2.3 Participants and sample
The study targeted third- and fourth-year students of both sexes. This group was chosen because they are likely to be preparing for marriage and hence would have more questions and concerns about reproductive health than younger students.
The sample size for the quantitative study was calculated using the following formula for single population proportion:
The value of P (hypothesized proportion of students having knowledge about YHC) was taken as 10%, d = 0.05, and z = 1.96 (n = sample size, p = proportion, d = precision).
Given that the sample was a multistage random one and taking into consideration the design effect and a non-response rate of about 10%, the sample size was doubled to 276.595 and 10% were added so the sample size became 304.25, that is ~ 305.
A total of 305 university students were included. The participants were selected using multistage random sampling. In the first stage, two faculties from the theoretical sciences and two from the applied sciences were chosen randomly. These included the faculties of Education and Commerce, and Medicine and Veterinary Medicine, respectively. In the second stage, after obtaining lists of all sections in each faculty, two sections in each faculty were randomly chosen, one from the third and one from 4th year. From the selected sections, recruitment of students who agreed to participate in the study was done consecutively till completing the required sample from each faculty. Nearly an equal number of students was selected from each chosen faculty.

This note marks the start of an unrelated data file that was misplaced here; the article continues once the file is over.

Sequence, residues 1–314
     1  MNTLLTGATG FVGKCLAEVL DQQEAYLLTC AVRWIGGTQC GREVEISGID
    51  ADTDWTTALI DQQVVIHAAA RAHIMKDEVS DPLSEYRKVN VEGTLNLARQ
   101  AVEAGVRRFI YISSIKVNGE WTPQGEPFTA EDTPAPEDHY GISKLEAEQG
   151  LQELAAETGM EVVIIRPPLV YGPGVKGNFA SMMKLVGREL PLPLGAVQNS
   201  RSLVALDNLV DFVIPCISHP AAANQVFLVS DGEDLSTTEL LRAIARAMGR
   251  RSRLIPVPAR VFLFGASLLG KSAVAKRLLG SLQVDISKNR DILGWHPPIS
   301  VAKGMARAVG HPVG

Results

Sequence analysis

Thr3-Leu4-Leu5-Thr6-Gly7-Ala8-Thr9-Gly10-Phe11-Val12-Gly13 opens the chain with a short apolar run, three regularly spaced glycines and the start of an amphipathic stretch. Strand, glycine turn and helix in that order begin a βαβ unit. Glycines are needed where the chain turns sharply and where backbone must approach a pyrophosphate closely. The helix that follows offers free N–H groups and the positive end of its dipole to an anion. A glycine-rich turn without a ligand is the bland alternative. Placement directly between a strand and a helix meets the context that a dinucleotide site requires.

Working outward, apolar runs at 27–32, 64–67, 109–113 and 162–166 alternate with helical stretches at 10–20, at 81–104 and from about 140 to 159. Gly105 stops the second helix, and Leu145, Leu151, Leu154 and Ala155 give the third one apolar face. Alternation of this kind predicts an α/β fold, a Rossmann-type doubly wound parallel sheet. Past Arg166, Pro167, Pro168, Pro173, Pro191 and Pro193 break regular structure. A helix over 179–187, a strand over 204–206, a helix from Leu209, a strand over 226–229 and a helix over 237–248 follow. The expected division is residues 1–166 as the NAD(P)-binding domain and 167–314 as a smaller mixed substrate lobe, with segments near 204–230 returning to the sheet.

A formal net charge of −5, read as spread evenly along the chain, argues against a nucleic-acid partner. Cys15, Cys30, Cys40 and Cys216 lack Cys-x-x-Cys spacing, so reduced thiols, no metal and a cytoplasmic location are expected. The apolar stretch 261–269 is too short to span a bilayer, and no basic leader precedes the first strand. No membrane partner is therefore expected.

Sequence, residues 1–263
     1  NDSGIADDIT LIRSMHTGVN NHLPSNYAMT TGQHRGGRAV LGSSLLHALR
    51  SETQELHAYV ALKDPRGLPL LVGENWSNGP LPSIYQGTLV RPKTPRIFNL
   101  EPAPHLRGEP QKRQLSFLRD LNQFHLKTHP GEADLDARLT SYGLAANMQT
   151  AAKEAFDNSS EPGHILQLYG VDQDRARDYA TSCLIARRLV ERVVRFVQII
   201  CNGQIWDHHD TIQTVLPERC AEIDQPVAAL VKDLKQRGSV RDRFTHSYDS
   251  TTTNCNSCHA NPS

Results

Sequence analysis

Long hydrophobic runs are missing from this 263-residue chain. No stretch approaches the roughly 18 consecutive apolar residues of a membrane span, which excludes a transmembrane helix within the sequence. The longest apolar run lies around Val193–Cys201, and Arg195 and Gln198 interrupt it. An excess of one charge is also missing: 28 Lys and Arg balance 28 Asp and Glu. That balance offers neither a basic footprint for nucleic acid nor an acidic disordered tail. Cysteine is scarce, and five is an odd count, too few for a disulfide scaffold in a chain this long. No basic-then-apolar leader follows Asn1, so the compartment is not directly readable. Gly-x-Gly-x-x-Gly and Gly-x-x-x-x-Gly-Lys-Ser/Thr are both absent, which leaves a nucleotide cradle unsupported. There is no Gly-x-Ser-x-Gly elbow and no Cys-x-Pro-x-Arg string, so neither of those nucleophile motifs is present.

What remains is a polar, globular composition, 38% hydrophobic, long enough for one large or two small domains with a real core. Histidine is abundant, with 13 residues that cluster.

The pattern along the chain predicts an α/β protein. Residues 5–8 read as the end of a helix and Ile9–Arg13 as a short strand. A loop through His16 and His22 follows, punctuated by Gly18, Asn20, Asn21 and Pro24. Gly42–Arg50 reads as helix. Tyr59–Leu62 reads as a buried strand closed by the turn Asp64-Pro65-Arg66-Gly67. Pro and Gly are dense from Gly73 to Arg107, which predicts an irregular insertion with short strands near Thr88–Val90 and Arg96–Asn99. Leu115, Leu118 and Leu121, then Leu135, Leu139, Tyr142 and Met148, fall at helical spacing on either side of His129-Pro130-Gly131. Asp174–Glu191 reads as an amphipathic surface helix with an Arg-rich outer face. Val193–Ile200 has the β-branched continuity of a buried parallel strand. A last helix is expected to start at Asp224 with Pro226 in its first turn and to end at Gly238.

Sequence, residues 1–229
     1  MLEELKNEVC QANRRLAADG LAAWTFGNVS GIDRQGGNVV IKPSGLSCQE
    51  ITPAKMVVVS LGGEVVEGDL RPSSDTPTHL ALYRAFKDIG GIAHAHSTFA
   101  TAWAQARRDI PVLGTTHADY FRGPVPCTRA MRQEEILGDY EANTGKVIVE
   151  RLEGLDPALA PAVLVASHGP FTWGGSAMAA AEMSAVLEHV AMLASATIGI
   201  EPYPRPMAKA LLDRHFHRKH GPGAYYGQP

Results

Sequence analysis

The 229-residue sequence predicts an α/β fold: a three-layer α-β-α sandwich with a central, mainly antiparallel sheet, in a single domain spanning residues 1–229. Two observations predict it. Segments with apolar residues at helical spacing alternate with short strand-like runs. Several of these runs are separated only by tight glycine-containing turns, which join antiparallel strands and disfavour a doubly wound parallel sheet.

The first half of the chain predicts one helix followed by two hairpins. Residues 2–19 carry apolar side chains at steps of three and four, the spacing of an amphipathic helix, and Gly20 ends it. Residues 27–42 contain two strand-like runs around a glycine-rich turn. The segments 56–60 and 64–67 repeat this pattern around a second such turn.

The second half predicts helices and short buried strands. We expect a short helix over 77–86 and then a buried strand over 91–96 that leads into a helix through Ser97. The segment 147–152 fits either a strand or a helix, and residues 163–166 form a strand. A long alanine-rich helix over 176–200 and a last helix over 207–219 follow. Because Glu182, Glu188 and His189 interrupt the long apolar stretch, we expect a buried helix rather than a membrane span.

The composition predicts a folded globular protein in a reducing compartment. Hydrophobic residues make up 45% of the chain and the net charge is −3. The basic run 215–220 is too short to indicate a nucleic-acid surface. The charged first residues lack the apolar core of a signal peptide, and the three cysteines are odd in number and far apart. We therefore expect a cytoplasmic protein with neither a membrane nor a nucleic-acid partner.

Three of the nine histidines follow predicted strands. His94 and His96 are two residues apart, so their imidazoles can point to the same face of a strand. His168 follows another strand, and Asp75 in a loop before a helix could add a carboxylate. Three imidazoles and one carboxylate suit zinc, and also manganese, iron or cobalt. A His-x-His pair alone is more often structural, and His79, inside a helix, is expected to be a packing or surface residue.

2.4 Tools of the study
Data collection was conducted by all members of the research team. During the last 30 min of the randomly selected sections, the study aims and informed consent procedures were explained to students. Students who participated in the study responded to a structured interviewer-administered questionnaire, which was completed in about 30–45 min. The reliability of the questionnaire using Cronbach’s alpha for internal consistency was 0.8. The questionnaire included the following sections: personal characteristics, health needs of Assiut University students, students’ opinion and expectations regarding youth-friendly services, and attitudes of students about the Assiut University YHC and its capacity to address their health needs. Students’ attitudes towards reproductive health issues and youth health sites were assessed using six statements. Each response had a four-point Likert scale (ranging from strongly disagree to strongly agree).
2.5 Statistical analysis